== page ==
During a highly charged week in Washington, D.C., last July, a research project sponsored by the Department of Defense sparked a furious outcry from prominent politicians and was then hastily axed by the Pentagon. The project, known as the Policy Analysis Market (PAM), was to have been a market in which participants could wager on Middle East events, say, the gross domestic product of Syria in coming years or the political instability of Iran. The project’s developers, however, had made a public relations faux pas. On their Web site, they invited participants to suggest additional topics for markets and speculated that those suggestions might include terrorist attacks and political assassinations. Critics labeled the project a “terrorism futures market” and denounced it as morally repugnant and grotesque.
Within the week, John Poindexter, the official heading the office sponsoring the project, had announced his resignation, and the department had cut off funds not just for the PAM project, but also for all of its research into markets as prediction tools.
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On the face of it, having people bet on disasters sounds downright appalling. However, the core idea of the project rests on solid scientific foundations.
Studies over a 20-year period have amassed a wealth of evidence that under the right circumstances, carefully designed markets can be among the most effective prediction tools.
Economists have found, for instance, that orange juice futures predict the weather in Florida better than conventional weather forecasts do. And on the day the space shuttle Challenger exploded in 1986, Wall Street traders correctly guessed within minutes of first hearing the news which of the four main suppliers had provided the faulty part, whereas a blue-ribbon panel of experts took months to come to the same conclusion.
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Markets, such as the New York Stock Exchange, distill the collective wisdom of millions of individuals into a single statistic, and they do so with amazing efficiency. In contrast to other information-gathering institutions, such as committees and polls, markets require participants to put hard dollars behind their opinions. What’s more, markets reward the people who are right, not those who lie convincingly or are loudest or most aggressive or who have the longest string of titles after their name.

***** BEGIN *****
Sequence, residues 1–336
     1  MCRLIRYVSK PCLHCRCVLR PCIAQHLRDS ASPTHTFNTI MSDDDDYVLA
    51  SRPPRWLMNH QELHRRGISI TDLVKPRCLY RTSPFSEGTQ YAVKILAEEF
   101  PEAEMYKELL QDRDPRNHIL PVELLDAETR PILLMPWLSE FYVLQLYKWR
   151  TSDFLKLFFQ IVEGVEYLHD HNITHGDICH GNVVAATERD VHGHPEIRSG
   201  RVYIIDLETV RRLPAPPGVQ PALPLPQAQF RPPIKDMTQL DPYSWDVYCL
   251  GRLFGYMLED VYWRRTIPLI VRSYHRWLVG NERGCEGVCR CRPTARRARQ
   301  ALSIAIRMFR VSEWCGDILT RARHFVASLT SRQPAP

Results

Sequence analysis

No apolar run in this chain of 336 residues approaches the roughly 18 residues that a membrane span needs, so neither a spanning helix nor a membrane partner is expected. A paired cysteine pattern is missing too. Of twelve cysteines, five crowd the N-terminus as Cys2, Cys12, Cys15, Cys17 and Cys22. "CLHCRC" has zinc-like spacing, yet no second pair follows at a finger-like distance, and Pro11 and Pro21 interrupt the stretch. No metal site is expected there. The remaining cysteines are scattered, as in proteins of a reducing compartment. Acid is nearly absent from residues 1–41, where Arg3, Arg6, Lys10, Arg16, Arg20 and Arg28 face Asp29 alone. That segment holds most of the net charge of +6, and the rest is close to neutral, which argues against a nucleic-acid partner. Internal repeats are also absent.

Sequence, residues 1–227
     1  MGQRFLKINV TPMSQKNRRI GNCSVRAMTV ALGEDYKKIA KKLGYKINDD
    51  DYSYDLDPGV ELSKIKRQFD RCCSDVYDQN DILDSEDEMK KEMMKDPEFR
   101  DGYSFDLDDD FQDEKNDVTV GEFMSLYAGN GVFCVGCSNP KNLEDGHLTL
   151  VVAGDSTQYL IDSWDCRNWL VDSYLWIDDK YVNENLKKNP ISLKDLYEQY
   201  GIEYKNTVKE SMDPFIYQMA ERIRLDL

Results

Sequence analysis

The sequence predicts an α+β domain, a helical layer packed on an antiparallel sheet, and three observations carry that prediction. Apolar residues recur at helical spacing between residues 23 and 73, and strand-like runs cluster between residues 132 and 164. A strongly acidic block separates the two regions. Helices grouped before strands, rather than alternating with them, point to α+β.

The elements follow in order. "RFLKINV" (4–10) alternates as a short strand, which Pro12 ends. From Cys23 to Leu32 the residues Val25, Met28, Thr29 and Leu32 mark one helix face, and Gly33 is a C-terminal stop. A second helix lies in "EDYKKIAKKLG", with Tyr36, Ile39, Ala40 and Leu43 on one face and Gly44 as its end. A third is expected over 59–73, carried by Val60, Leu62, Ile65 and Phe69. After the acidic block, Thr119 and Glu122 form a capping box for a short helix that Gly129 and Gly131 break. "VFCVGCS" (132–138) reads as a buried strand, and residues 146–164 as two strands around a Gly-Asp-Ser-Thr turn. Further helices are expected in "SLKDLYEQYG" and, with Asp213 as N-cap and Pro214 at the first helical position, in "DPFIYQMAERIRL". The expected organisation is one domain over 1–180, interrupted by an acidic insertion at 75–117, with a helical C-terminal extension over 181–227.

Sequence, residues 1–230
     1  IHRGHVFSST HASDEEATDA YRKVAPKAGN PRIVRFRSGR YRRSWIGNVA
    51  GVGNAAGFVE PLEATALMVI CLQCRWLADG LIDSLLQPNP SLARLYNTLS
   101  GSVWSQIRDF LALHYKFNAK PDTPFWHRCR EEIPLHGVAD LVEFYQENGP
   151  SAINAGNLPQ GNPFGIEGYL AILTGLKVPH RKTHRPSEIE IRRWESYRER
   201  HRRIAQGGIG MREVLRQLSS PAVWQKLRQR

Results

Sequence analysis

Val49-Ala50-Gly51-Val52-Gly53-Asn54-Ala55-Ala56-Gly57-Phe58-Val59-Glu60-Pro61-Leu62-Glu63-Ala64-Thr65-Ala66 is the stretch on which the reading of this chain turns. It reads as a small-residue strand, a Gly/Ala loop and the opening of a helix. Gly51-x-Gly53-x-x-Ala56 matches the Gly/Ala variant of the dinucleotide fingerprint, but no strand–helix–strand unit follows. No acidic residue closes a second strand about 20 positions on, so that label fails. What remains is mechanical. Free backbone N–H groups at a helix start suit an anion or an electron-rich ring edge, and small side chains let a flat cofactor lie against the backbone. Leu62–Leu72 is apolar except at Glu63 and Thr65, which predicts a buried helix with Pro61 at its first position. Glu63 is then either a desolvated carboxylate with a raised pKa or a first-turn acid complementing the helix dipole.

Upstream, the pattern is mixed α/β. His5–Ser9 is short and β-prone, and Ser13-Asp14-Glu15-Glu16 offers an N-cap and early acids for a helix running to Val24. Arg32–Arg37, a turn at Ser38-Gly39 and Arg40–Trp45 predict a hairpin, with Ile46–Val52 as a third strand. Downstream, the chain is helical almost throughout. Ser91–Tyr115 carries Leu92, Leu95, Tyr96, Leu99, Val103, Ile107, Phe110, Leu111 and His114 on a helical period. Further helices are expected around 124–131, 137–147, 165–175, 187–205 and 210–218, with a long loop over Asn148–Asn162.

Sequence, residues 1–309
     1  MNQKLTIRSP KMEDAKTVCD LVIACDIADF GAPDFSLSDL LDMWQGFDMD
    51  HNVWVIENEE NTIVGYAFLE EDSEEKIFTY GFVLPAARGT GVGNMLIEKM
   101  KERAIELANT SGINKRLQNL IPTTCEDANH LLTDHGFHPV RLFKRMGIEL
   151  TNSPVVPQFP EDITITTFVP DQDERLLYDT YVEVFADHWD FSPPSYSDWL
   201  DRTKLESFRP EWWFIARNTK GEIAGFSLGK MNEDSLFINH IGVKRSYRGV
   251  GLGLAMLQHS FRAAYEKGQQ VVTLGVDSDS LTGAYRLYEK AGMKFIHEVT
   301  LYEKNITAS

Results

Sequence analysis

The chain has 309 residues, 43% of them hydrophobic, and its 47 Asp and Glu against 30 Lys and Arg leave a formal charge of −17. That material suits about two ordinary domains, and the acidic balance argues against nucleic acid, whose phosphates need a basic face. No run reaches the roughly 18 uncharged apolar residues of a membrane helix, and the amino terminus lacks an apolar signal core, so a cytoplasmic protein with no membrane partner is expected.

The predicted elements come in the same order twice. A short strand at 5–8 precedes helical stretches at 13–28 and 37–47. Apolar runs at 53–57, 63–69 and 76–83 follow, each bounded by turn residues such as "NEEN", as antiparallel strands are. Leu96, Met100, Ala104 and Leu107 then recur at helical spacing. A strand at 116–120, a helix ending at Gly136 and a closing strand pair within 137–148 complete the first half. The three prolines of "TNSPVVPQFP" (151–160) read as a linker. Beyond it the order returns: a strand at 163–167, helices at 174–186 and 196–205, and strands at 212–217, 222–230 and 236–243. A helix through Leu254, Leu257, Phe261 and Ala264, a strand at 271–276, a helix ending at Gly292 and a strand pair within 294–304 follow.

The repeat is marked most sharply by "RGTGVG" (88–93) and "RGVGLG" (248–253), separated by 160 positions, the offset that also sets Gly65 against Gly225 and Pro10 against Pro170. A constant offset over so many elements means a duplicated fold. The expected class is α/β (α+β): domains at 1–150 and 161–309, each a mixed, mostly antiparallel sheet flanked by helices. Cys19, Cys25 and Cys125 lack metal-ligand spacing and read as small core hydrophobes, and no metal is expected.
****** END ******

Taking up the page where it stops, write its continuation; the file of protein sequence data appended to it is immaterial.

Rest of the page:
“In a market environment, people who don’t know anything will lose on average and will take the hint and go away,” says Robin Hanson, an economist at George Mason University in Fairfax, Va. and a consultant for Net Exchange, the San Diego company that was to have run PAM.
Some markets have been engineered for the express purpose of providing forecasts on matters beyond the price of commodities. The Hollywood Stock Exchange, a Web-based virtual market that makes predictions about Hollywood stars and movies, correctly guessed 35 of last year’s 40 Oscar nominees in the main categories. For more than a decade, an academic project called the Iowa Electronic Markets has predicted the outcomes of presidential races better than 75 percent of the polls do. And in a recent trial, a market specially designed to predict sales of Hewlett-Packard products performed better than the company’s internal sales forecasts did.
Some economists hold that such markets could be used to assess potential consequences of policy decisions by a government, corporation, or other institution. “Different people know different things about the consequences of social policies, and to make good decisions, we have to pull all that information together,” Hanson says. “The market technology has enormous potential to help us address the most important questions we think about.”
Market wind tunnels
To get a sense of how future-predicting markets operate, consider the Iowa Electronic Markets, which is based at the University of Iowa in Iowa City.